September 17, 2014

trx descriptors: MySQL performance improvements in Percona Server 5.5.30-30.2

One major problem in terms of MySQL performance that still stands in the way of InnoDB scalability is the trx_list scan on consistent read view creation. It was originally reported as a part of MySQL bug #49169 and can be described as follows. Whenever a connection wants to create a consistent read, it has to […]

Why MySQL Performance at Low Concurrency is Important

A few weeks ago I wrote about “MySQL Performance at High Concurrency” and why it is important, which was followed up by Vadim’s post on ThreadPool in Percona Server providing some great illustration on the topic. This time I want to target an opposite question: why MySQL performance at low concurrency is important for you. […]

MySQL performance: Impact of memory allocators (Part 2)

Last time I wrote about memory allocators and how they can affect MySQL performance in general. This time I would like to explore this topic from a bit different angle: What impact does the number of processor cores have on different memory allocators and what difference we will see in MySQL performance in this scenario? […]

Impact of memory allocators on MySQL performance

MySQL server intensively uses dynamic memory allocation so a good choice of memory allocator is quite important for the proper utilization of CPU/RAM resources. Efficient memory allocator should help to improve scalability, increase throughput and keep memory footprint under the control. In this post I’m going to check impact of several memory allocators on the […]

Side load may massively impact your MySQL Performance

When we’re looking at benchmarks we typically run some stable workload and we run it in isolation – nothing else is happening on the system. This is not however how things happen in real world when we have significant variance in the load and many things can be happening concurrently. It is very typical to […]

Intel 320 SSD write performance – contd.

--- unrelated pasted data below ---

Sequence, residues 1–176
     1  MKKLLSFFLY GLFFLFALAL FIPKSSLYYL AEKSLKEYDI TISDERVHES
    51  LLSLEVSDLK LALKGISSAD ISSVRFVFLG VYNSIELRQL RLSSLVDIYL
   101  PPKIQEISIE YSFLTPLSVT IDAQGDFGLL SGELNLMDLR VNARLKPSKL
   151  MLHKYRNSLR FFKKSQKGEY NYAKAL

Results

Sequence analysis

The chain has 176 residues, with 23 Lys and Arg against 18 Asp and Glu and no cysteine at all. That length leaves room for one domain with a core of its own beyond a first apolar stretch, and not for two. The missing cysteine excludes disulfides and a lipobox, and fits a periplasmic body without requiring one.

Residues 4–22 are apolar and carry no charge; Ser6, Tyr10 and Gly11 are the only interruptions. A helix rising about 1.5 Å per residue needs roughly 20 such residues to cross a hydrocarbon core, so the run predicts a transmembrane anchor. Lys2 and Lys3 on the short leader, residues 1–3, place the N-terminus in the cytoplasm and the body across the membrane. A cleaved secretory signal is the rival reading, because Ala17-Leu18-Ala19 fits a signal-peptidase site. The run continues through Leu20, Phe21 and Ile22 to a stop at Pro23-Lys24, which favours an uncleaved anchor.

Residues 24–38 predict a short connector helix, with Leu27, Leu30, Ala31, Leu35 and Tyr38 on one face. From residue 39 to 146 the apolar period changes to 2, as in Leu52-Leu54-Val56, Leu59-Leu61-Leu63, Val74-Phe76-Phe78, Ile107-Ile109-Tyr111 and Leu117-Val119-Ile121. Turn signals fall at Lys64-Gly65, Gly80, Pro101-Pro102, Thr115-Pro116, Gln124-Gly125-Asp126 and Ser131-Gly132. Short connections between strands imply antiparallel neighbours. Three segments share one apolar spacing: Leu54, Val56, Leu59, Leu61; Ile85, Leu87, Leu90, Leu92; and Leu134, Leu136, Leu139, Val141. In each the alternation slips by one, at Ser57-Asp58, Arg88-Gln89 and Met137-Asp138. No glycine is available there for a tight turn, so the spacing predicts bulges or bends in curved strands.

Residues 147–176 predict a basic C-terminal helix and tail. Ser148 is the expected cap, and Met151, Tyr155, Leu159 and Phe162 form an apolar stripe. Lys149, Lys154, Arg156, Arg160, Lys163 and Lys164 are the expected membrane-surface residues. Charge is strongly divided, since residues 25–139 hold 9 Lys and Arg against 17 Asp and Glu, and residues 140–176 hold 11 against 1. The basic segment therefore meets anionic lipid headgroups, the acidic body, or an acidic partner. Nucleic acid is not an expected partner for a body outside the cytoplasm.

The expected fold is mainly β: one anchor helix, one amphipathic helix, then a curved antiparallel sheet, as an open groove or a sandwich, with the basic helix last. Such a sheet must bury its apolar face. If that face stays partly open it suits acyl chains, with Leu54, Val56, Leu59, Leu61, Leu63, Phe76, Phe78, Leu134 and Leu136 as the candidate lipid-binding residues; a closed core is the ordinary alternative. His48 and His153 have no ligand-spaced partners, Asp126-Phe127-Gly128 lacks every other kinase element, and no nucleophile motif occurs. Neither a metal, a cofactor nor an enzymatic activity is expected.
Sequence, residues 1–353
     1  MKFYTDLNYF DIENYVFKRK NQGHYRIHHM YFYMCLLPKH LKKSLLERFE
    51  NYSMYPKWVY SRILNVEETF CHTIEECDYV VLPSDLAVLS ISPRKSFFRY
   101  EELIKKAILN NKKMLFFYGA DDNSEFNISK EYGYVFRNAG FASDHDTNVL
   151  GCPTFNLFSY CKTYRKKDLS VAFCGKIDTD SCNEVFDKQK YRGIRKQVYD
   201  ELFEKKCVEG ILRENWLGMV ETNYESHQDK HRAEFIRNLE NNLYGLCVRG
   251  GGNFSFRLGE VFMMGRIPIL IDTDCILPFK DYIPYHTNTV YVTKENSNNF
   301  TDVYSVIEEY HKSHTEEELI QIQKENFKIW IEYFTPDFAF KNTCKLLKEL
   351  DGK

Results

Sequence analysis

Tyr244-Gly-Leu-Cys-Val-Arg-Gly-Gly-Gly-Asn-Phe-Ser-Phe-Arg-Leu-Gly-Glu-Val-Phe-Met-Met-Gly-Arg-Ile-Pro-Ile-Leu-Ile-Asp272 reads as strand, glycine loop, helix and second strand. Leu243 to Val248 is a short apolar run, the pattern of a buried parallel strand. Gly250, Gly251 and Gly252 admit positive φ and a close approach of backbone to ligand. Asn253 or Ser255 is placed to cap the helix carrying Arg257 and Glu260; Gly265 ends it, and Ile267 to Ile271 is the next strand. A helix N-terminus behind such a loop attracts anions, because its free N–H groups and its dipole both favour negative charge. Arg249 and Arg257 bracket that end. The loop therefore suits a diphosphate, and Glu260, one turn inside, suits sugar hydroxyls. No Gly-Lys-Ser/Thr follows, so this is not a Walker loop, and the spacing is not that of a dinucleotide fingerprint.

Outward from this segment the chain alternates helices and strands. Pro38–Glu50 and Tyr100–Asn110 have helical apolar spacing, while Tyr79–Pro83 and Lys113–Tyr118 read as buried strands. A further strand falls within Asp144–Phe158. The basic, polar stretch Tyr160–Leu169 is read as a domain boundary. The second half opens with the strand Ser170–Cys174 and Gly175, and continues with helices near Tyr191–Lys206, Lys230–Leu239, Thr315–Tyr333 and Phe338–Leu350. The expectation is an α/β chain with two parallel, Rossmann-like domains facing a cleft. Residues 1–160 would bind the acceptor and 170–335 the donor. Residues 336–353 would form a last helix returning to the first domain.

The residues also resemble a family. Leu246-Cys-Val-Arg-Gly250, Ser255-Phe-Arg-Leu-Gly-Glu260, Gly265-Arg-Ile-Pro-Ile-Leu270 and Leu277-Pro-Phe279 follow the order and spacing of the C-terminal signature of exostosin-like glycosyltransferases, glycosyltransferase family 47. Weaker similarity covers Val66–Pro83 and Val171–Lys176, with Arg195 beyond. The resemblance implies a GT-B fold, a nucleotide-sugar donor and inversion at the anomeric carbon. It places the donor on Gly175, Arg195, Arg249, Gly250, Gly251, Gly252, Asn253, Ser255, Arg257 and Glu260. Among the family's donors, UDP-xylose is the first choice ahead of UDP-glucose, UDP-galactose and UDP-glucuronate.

I wrote about Intel 320 SSD write performance before, but I was not satisfied with these results. Somewhat each time on Intel 320 SSD I was getting different write performance, so it made me looking into this with details.

Intel 320 SSD read performance

(this is cross-post from http://www.ssdperformanceblog.com/) While PCI-e Flash cards show great performance, I am often asked about alternatives, as price for PCI-e cards is still significant and not acceptable for small companies and startups. Intel 320 SSD appears to be a popular drive with a quite acceptable price. I wrote about write performance of these […]

Performance Schema tables stats

My previous benchmark on Performance Schema was mainly in memory workload and against single tables. Now after adding multi-tables support to sysbench, it is interesting to see what statistic we can get from workload that produces some disk IO. So let’s run sysbench against 100 tables, each 5000000 rows (~1.2G ) and buffer pool 30G. […]

Performance Schema overhead

As continuation of my CPU benchmarks it is interesting to see what is scalability limitation in MySQL 5.6.2, and I am going to check that using PERFORMANCE SCHEMA, but before that let’s estimate what is potential overhead of using PERFORMANCE SCHEMA. So I am going to run the same benchmarks (sysbench read-only and read-write) as […]

Intel Nehalem vs AMD Opteron shootout in sysbench workload

Having two big boxes in our lab, one based Intel Nehalem (Cisco UCS C250) and second on AMD Opteron (Dell PowerEdge R815), I decided to run some simple sysbench benchmark to compare how both CPUs perform and what kind of scalability we can expect.